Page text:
The Matrix Reloaded

on May 15, 2003 by Annlee Ellingson
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When “The Matrix” came out four years ago, it was unlike anything moviegoers had ever seen before: highly stylized Hong Kong action wrapped in an ethos of computer-geek hipsterism; otherworldly special effects, including bullet-time cinematography, that not only looked cool but were integral to illustrating the dreamlike world created by the filmmakers; and a wildly imaginative premise couched in a philosophy that challenged viewers even as it entertained them. With the sequel and middle chapter of a planned trilogy, writing-directing team the Wachowski brothers have upped the ante in every regard.

Still a reluctant hero, Neo (Keanu Reeves) is believed to be the One by not only Morpheus (Laurence Fishburne) but legions of followers in Zion, the last remaining free human outpost, buried deep beneath the surface of the Earth in a post-apocalyptic world ruled by robots and fueled by the energy generated by the slave race of man. But time is running out for Neo to prove his mettle, as the robots are drilling straight toward Zion. Conflict breaks out at the city's Jedi-like council as one faction requests all ships remain underground to fend off the attack while Morpheus insists on taking Neo to the surface, where he will fulfill his destiny. What he is supposed to do to save the human race, however, neither of them has quite figured out yet, necessitating a consultation with the Oracle, the rescue of the Keymaster and a visit with the Architect of the Matrix.

Much talked about in the first installment, it is in this episode that Zion finally makes her debut, lending additional texture to a film already characterized by the juxtaposition of the sterility of the computer-simulated world and the claustrophobic grit of the ship. Zion is a primal place--industrial, like the bowels of a ship, hot and steamy, and not just in terms of the subterranean environment. After a rousing “We are still here” sermon by Morpheus, the masses celebrate with an orgy-esque rave crosscut with a love scene between Trinity and Neo--she's hard and chiseled, like a boy; he's soft and rounded, like a girl. (It is the casting of Moss--so tough, so strong, so beautiful, if non-traditionally so--that is one of the franchise's greatest assets.) While arguably gratuitous, these scenes--along with the liberal use of close-up shots--represent what these people are fighting so hard for: their humanity.

That fight naturally involves some hand-to-hand combat along the way, the first confrontation involving Neo's nemesis Agent Smith (Hugo Weaving) who, since the last installment, has experienced an upgrade: He can replicate himself. The result is a balletic fight in which Neo takes on an ever-multiplying horde of Smiths in a scene that escalates to cartoonish levels. Not that that's a bad thing: The action all remains within the logic of the world that the Wachowskis have created, including Neo's newfound ability to fly, or “go Superman,” as one character quips--launching the franchise, which already draws from Asian cinema, comic books and the sci-fi catalog, into superheroics as well.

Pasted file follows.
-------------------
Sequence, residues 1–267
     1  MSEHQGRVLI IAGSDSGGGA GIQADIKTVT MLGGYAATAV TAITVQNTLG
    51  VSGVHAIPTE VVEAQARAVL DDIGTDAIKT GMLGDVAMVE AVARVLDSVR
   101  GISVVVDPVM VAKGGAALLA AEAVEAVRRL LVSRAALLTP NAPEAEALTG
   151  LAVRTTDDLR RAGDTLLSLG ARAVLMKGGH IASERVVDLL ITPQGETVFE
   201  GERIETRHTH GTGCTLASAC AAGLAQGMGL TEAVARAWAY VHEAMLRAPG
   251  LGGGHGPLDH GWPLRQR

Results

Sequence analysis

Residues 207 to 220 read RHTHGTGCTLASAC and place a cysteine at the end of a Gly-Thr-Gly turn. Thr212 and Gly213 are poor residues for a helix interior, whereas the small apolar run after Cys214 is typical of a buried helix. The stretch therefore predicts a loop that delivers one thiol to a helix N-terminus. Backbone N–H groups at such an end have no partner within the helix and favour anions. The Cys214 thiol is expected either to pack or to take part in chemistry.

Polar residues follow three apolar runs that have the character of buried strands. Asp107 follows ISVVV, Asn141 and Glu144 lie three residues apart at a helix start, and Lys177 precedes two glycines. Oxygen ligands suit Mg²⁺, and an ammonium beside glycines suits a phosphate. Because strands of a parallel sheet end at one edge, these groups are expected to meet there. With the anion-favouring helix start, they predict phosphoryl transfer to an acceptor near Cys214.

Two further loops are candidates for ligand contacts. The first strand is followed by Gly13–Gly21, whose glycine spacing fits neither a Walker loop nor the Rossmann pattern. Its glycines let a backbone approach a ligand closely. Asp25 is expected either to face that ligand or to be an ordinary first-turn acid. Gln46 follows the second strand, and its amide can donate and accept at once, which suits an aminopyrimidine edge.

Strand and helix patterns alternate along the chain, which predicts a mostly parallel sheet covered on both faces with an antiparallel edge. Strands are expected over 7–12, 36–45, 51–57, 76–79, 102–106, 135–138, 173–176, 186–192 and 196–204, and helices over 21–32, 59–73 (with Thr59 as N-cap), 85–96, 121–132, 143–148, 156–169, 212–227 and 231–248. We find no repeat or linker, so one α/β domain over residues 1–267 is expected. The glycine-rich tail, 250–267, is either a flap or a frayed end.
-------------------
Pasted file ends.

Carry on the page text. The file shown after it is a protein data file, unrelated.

What's particularly remarkable about the scene--and the car chase sequence later in the film, although “car chase” hardly begins to describe it--is its perfect choreography with Don Davis' alternately driving techno and operatic score. Not only does the timeless music match the action on screen, but sometimes the action matches it, the aforementioned special effects pausing the action, holding its breath, as the score reaches climax.

Oh, yes--the car chase. Fourteen minutes long. Cars, motorcycles, semis. Martial arts in and on top of and on the side of moving vehicles. A specially built stretch of highway at a cost of $1 million. A three-month shoot, just for this scene. It's indescribable except to say that, when Trinity throws her Ducati motorcycle into a 180 and weaves in and out of oncoming traffic, one literally gasps.

Yet none of this thrill ride is without meaning: Every line of dialogue here spouts philosophy. The first “Matrix,” as intellectually challenging as it seemed at the time, requires the mental gymnastics of “Snow White and the Seven Dwarfs” in comparison. Musings here include humanity's reliance on machines (Zion is as slave to them as the Matrix is, it is argued); fate versus choice (“You are not here to make a choice,” the Oracle tells Neo. “You have already made it. You're here to find out why”); purpose (“Without purpose, we would not exist,” Smith says); causality (“The only truth is causality”); and the characterization of legends about ghosts, angels, vampires and aliens attributable to something as simple as program failures in the Matrix. The film is so intellectually complex, so stimulating, that multiple viewings are required--perhaps a calculated move on the Wachowskis' part for one of the most anticipated films of the year, if not the era. Starring Keanu Reeves, Laurence Fishburne, Carrie-Anne Moss, Hugo Weaving and Jada Pinkett Smith. Directed and written by Andy Wachowski and Larry Wachowski. Produced by Joel Silver. A Warner Bros. release. Scifi/Action. Rated R for sci-fi violence and some sexuality. Running time: 138 min

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